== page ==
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What goes into a PoP?


Several months ago, we announced our network expansion with a new Point of Presence (PoP) in Dubai. This gives us 15 total PoPs in our application security, bot management, and DDoS mitigation network with over 15Tb of network ingest capacity. This is in addition to the 47 total DNS PoPs we operate across UltraDNS and UltraDNS2.

We get a lot of requests from customers and partners to deploy a PoP in a huge number of different locations. The conversation is typically around deploying a PoP—with all its capacity and DDoS mitigation capabilities—immediately adjacent to (or even inside) their hosting datacenter in order to reduce the amount of latency going to their application and to address perceived data sovereignty requirements. While it would be impractical and cost prohibitive to deploy everywhere, we do have an in-depth process that helps us to determine how and where we deploy a new PoP. I’ll take you through some of that logic.

Distribution for Performance: Web performance is very critical to user adoption, conversion rate, and streaming video quality. We deploy PoPs to be close to where our customers’ users are situated in order to reduce last-mile latency; near datacenters to reduce latency when we return their clean traffic to them; in locations near Internet Exchanges where we can access multiple network providers simultaneously; and where attackers are so that we can isolate attack traffic inside of a region. That of course means that, like one of my favorite XKCD cartoons, our list of possible deployment sites looks very similar to a heatmap of global population density.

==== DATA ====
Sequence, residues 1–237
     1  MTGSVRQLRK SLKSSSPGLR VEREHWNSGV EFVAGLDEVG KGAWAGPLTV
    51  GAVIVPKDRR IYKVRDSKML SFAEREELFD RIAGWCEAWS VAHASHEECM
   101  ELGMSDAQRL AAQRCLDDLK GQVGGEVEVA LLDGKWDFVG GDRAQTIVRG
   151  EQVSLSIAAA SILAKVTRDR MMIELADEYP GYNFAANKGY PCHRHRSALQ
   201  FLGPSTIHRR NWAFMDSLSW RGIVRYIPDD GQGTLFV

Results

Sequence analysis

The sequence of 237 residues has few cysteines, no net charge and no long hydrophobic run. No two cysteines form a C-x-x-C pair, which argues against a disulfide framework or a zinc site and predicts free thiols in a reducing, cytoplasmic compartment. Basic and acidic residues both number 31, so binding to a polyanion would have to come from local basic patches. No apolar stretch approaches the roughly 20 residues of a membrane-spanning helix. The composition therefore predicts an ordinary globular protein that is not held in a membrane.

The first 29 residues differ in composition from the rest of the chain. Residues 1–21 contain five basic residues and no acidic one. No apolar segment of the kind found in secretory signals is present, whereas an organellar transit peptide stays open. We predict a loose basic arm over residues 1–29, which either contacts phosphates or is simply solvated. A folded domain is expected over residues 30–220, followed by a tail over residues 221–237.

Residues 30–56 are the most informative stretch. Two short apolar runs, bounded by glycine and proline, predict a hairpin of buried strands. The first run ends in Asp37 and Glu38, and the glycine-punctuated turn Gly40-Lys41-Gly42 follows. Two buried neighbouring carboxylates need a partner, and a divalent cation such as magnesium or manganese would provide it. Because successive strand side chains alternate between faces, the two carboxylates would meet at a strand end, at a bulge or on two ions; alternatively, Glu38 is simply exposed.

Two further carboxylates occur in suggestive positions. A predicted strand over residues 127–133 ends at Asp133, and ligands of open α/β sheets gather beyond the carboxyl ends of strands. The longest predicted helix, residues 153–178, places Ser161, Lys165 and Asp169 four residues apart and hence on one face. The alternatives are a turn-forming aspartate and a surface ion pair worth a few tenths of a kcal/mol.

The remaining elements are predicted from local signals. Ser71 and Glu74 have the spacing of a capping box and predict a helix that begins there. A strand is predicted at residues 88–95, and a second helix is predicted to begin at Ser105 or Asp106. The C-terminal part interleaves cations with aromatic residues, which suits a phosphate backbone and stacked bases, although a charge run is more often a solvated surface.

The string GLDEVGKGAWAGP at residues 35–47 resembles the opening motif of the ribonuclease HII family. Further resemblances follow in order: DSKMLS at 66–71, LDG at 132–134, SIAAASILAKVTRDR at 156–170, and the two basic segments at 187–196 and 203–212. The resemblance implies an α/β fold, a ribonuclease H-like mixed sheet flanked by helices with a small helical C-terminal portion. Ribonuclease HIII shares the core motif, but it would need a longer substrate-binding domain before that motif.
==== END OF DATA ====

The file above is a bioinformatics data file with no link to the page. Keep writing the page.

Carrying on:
Attack Volume and Frequency: The size (in bits, packets, and request per second) of DDoS attacks is a function of the average bandwidth speed for endpoints on the Internet. As that speed increases, the size of DDoS attacks also increases. Our platform-wide goal is to be able to have enough bandwidth to support multiple large DDoS attacks simultaneously. We take the largest DDoS attack seen to date and multiply it by a factor of 4 to anticipate future attack volumes and what size our global capacity needs to be.

Always-On DDoS Mitigation: One of the more recent trends in DDoS was the advent of carpet-bombing attacks. These attacks move rapidly through targets—IP addresses, network blocks, public services—in order to evade analysis and to avoid mitigation by cycling through attacks faster than the target can enable mitigation. The best practice for customers that receive frequent attacks is to use UltraDDoS Protect in an always-on mode. For us as a provider, we need to add this always-on traffic into our calculation for global capacity.

Addressable Market: One of the advantages of being close to a PoP is that the latency from the PoP to your datacenter is minimized. As a service provider, this means that we look for PoP locations where either our current customers have datacenters or where there are many potential new customers that we can address after the PoP goes live.